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Reverse Supply Chain Logistics

Furniture World Magazine
Volume 144 NO.5 September/October


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Reverse supply chain logistics is the practice of controlling resources that are returned, repairable, reusable or recyclable. It’s a catchy phrase for business activities that turn normally wasteful occurrences into profit.

After service return expenses alone can cost 3-7% of a retailer’s sales volume. An operation producing $10 Million in annual revenue can lose up to $700,000 in cost of goods increases due to after-service related expenses. Also, normal facility costs, logistics, and general overhead, produce waste and consume resources. These commonly run up to 22% of sales volume - or $2.2 Million per year for the $10 million retailer in the example above. Finally, negative cash flow due to overinvestment in inventory can be as high as 10% of sales, in this case causing a $1 Million cash reduction. Businesses that continuously work to improve in these areas by reducing operational inefficiencies and waste, become more profitable and add to their cash flow year after year.

This article will summarize 12 practices you can use to add extra profit dollars to your bottom line, through reverse supply chain logistics.



Practice 1 Goods Flow

Maintain efficient flow and handling of customer returned merchandise. Returns happen. However, many operations totally lose control of this inventory. If the merchandise that comes back into stock is not controlled properly and then acted upon, it just sits. The storage and excess inventory costs, plus the loss of vendor credits is costly. To start to improve in this area, create a reverse logistics flow chart with documented procedures. You have standard operating procedures and a flow chart for business going out, right? Well, you should have one for business coming back too. Here is an example of how returns work:
  • Return is approved. Credit memo and notes are entered immediately into the management system.
  • Pick up or return receipt is generated and signed by the customer and employee. 
  • Merchandise is scanned and located into a specific return location in the warehouse.
  • Returns manager audits the return location daily. Decides on the action to take, i.e. return to vendor for credit, repair and redeliver to customer, repair internally and resell, scrap, donate, don’t repair and sell as-is.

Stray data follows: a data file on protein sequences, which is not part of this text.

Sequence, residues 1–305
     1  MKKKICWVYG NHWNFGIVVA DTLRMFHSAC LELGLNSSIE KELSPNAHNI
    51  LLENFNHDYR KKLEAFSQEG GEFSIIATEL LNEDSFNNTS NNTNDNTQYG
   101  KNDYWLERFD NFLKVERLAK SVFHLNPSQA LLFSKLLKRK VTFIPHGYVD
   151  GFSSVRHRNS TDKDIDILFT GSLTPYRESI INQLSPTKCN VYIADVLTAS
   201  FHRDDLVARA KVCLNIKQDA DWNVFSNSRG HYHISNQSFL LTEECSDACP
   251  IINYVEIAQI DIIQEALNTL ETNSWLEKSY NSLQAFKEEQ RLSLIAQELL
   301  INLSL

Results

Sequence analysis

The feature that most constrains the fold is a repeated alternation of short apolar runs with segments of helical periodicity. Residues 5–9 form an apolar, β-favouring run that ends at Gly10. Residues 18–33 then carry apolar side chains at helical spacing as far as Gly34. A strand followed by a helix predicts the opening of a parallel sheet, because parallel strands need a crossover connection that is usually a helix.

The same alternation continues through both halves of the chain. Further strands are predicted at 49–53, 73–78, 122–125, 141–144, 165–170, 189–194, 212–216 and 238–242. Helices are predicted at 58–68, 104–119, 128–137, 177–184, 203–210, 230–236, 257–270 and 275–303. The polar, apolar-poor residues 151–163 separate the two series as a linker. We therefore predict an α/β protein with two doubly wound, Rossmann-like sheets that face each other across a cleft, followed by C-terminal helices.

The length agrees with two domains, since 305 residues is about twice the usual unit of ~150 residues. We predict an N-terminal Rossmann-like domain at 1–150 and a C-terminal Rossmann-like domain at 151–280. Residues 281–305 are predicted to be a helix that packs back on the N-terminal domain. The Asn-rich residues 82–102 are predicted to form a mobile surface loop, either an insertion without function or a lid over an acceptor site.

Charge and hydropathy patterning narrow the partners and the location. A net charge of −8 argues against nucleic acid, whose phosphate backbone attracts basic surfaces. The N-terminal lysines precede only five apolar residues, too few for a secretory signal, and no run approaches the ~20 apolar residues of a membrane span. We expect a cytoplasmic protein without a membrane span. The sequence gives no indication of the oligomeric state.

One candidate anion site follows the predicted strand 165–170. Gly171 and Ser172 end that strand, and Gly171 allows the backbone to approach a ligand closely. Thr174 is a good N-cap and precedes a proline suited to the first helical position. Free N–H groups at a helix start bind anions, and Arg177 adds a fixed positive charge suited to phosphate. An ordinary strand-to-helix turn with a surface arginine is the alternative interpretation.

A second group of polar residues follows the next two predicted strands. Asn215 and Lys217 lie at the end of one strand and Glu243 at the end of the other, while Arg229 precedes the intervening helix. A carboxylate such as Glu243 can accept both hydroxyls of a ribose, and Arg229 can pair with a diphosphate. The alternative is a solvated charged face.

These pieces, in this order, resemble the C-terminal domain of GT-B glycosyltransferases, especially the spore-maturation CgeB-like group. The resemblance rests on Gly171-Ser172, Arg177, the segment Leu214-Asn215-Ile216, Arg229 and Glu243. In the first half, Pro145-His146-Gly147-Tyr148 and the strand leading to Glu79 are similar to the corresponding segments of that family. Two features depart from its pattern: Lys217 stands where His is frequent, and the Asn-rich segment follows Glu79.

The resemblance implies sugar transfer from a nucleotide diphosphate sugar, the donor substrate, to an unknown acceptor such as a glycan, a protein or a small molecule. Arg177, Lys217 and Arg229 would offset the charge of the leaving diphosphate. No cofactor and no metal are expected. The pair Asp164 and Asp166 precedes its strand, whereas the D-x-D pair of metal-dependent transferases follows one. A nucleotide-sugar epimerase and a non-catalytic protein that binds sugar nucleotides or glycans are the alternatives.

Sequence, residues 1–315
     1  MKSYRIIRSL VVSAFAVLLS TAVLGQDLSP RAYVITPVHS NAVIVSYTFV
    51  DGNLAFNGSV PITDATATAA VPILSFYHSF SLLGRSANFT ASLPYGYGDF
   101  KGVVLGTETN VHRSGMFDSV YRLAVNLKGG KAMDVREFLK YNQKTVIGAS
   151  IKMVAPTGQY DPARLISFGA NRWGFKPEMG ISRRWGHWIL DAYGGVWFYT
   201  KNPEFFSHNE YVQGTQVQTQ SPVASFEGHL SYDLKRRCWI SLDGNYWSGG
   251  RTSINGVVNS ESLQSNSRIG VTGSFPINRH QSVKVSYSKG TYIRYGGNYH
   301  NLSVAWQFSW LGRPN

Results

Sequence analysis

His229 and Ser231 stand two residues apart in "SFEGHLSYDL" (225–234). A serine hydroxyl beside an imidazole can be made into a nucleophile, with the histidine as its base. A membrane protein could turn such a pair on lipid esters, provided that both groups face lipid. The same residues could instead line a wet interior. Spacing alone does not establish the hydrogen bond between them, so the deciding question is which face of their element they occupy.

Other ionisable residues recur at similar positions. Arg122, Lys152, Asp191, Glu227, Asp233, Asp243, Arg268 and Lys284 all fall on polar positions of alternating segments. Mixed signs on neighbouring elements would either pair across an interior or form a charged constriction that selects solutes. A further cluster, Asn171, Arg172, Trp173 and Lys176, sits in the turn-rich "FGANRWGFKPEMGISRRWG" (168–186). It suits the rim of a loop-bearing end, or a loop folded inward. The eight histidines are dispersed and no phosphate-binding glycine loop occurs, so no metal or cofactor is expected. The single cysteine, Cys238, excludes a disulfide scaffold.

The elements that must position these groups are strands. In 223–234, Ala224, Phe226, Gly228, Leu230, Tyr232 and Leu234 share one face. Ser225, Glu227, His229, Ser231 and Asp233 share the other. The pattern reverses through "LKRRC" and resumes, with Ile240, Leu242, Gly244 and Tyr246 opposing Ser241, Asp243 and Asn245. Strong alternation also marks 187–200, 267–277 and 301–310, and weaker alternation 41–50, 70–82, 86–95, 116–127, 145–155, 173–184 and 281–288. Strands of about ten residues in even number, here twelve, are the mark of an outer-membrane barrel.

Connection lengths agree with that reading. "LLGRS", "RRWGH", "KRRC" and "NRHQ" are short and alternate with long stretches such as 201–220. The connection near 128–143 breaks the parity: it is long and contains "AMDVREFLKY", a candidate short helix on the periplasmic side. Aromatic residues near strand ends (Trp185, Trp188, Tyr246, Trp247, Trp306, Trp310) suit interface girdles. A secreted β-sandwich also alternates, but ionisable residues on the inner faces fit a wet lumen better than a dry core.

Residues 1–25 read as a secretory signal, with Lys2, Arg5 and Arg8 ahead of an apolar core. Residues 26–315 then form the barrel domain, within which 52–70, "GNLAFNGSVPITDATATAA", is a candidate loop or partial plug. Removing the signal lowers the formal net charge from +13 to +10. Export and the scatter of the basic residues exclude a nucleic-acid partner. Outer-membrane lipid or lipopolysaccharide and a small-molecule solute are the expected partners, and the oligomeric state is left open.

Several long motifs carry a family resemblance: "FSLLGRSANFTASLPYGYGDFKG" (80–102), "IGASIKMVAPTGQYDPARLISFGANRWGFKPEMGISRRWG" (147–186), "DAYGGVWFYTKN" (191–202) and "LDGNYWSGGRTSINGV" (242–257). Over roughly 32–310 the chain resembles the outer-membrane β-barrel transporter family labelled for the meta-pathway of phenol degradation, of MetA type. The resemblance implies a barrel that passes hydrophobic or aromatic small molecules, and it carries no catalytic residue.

• Assign and move the merchandise to a return in-process location to reflect the reason above. 
  • Returns manager regularly audits the return in-process locations.

Practice 2 Vendor Credits

Process Vendor Credits efficiently. Systems define outcomes. If you want a desirable outcome with vendor credits, put a manageable system in place. The ball gets dropped here in too many operations due to internal disconnects. The manager responsible for returns must communicate effectively with the manager responsible for issuing and tracking vendor credits. If the product is defective due to vendor defect or vendor damage, take the following actions:
  • Audit the merchandise return-in-process area for products for which you are seeking vendor credits.
  • Enter and email vendor credit requests into the system with all information required. 
  • Review open credits that are 30 days overdue, daily.
  • Require sales reps to speak with the Service Manager prior to meeting with the buyer.
  • Enter vendor credits into your accounts payable system so that future invoices are reduced. Track in a separate ledger account so that your total credits are known. 
  • Create internal bonuses for total credits received.



Practice 3 Returns Disposition

Sell returns in warehouse. If you have a warehouse or distribution center with extra floor capacity, you may have an untapped Revenue/ Profit Center. Here is what I have seen several businesses do:
  • Create an “Ooops” (As-is) section run by warehouse management.
  • Move damaged goods or unsaleable floor inventory to this section, immediately.
  • Mark-down price to whatever level it takes to get rid of the inventory fast.
  • Buy a small number of SKU’s to act as continually advertised items on digital networks: Facebook, Craigslist, Web-site.
  • Pay flat commission. Charge full pop for delivery. 

Practice 4 Perfect Deliveries

Implement a Perfect Delivery System. Many of the businesses in our performance groups have designed incentive programs for the warehouse and delivery staff. The thought is that the best way to control reverse logistics, is to greatly reduce it. If all products go out in perfect condition with complete customer satisfaction there should be no returns due to damages, right? Here is one form of a Perfect Delivery system:
  • Establish a $ weekly bonus for product, picking, preparation, shipping, delivery crews. 
  • Track all returns that come back due to damages, and all complaints that are delivery/shipping related.
  • Reduce the $ weekly bonus by a certain dollar amount for each occurrence of damage or delivery complaint. 
Alternately, establish a certain % of Perfect Deliveries required. If the team exceeds this % the Perfect Delivery bonus is paid.

Practice 5 Credits & Rebates

Offer customer credits or rebates for no returns. Sometimes there may be a minor product or delivery issue. In this case, your service or sales manager should be able to offer a certain percentage of sale credit or a similar cash rebate. When considering the resources it takes to process returns and then repair or resend out replacements, it may make sense to the business and the customer to accept the product at a discount.